Kohlrabi, also called German turnip, is a cruciferous vegetable in the same family as broccoli, brussels sprouts, cauliflower, mustard greens, collards, and kale. It can be eaten raw or cooked and is a popular ingredient in salad or coleslaw. It tastes similar to broccoli with a slightly sweet flavor.
Kohlrabi is popular in Europe and Asia. However, you may be able to find kohlrabi in your local grocery store or at a farmer’s market during the winter months when it is in season. It’s easily recognizable, given its funny shape. Usually, it looks like a green onion bulb with a bunch of leaves sticking out of it. However, sometimes it can be purple.
Since kohlrabi is a particularly hardy vegetable, it is also easy to grow yourself. For the best results, sow kohlrabi seeds around three to four weeks before the last day of frost in the spring. It takes 45 to 60 days for kohlrabi to reach maturity.
The vitamins, minerals, and antioxidants in kohlrabi can provide important health benefits. For example, vitamin C helps the body fight off infection and reduce inflammation. Vitamin C can also improve immunity and lower cholesterol.
Kohlrabi is also rich in folate, which is an important nutrient for pregnant women because it can help prevent some birth defects.
In addition, kohlrabi can provide other health benefits like:
Kohlrabi is a low glycemic index food. As a result, it can help improve satiety and glycemic control. As part of a healthy diet, kohlrabi can help improve overall metabolism and aid with weight loss.
Because kohlrabi is high in calcium and magnesium, it contributes to stronger bones. In addition to other calcium-rich food sources and weight-bearing exercise, kohlrabi can be part of strengthening bone density.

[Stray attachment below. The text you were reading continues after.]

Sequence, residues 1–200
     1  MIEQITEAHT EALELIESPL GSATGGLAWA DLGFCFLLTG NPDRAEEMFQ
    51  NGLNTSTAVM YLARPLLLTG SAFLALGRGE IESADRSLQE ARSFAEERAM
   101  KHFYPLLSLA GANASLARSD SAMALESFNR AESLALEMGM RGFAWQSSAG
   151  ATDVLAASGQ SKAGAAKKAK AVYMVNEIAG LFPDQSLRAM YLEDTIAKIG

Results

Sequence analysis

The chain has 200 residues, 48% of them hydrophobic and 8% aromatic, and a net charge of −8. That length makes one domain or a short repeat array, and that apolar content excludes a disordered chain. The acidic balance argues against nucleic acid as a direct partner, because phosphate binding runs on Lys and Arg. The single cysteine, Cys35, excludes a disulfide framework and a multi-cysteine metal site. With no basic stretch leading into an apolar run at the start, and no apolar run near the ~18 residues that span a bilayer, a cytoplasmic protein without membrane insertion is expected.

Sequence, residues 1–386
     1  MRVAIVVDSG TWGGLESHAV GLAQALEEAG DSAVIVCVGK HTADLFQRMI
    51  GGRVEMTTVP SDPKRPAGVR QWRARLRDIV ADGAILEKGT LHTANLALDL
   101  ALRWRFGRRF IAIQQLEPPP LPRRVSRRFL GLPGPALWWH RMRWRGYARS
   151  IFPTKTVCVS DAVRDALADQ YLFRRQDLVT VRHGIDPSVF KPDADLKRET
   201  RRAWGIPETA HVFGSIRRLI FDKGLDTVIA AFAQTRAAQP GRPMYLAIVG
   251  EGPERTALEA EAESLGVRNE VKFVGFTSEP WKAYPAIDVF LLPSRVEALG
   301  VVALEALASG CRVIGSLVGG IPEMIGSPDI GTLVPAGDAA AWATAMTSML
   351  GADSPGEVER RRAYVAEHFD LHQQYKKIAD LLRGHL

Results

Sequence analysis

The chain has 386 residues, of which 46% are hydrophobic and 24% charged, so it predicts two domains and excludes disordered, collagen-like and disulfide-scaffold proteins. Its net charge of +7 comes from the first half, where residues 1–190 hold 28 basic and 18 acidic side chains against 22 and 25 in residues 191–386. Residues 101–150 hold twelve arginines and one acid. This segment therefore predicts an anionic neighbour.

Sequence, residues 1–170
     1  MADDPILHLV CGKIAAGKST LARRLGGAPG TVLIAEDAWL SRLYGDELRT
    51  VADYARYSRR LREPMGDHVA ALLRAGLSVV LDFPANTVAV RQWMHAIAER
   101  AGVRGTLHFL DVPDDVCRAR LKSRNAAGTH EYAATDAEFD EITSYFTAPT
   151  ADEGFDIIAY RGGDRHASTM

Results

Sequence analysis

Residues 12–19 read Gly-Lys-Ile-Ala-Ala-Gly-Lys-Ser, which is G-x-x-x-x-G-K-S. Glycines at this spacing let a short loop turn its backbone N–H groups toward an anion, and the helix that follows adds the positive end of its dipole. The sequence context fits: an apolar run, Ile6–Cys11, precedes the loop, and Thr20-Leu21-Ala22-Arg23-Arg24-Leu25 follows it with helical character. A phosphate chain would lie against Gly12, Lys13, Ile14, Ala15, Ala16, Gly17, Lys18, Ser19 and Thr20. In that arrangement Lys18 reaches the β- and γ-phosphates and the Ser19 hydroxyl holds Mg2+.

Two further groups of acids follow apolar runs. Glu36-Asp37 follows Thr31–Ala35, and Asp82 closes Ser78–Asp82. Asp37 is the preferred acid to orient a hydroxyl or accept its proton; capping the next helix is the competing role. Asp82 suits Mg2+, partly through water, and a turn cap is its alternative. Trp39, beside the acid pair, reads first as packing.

In addition to vitamins and minerals, kohlrabi is also rich in carotenoids and other antioxidants. Carotenoids protect the tissues in your body from free radical damage that can lead to serious diseases. Adding kohlrabi and other antioxidant-rich foods to your diet can contribute to your overall health.
Kohlrabi, along with other cruciferous vegetables, has demonstrated anti-cancer properties. This may be due to the sulfur-containing compounds in cruciferous vegetables, as well as due to their antioxidant phytosterols.
Supports Gastrointestinal Health
Kohlrabi is rich in both soluble and insoluble (doesn’t dissolve in water) fiber. Insoluble fiber can’t be broken down by your digestive system, speeding up the movement of food through your stomach and intestine. It also adds bulk to your stool. Insoluble fiber promotes regular bowel movements and supports a healthy gastrointestinal system.
Promotes Heart Heath
The water-soluble fiber in Kohlrabi helps reduce blood glucose (blood sugar) and cholesterol levels. Lower cholesterol levels are associated with a decreased risk of heart disease and stroke.
The fiber in kohlrabi also fuels Bifidobacteria and Lactobacilli. These two types of bacteria make important fatty acids that protect against obesity and heart diseases.
It’s also an excellent source of:
Nutrients per Serving
A 1 cup serving of raw kohlrabi contains:
Kohlrabi is a healthy ingredient, and it’s low in calories. Eating too much of any cruciferous vegetable can cause gas that can make you uncomfortable. Moderate your portion sizes to help ensure that you are able to enjoy the benefits of kohlrabi without negative digestive effects.
How to Prepare Kohlrabi
Kohlrabi is often found in the produce section at many grocery and health food stores. You can also find kohlrabi at the farmer’s market or grow your own.
You can prepare kohlrabi raw in salads or slaws, roast it, or prepare it in soups and stews.
Here are some ways to use kohlrabi in recipes:
- Peel and roast kohlrabi bulbs with garlic, olive oil, and parmesan cheese
- Slice kohlrabi bulbs and add to a slaw with apples
- Add kohlrabi to chicken soup for some extra crunch and body
- Puree kohlrabi with onion for a creamy soup base
- Boil kohlrabi bulbs and serve in a cream sauce as a side dish with meat or fish
- Mash kohlrabi with potatoes for a healthier version of mashed potatoes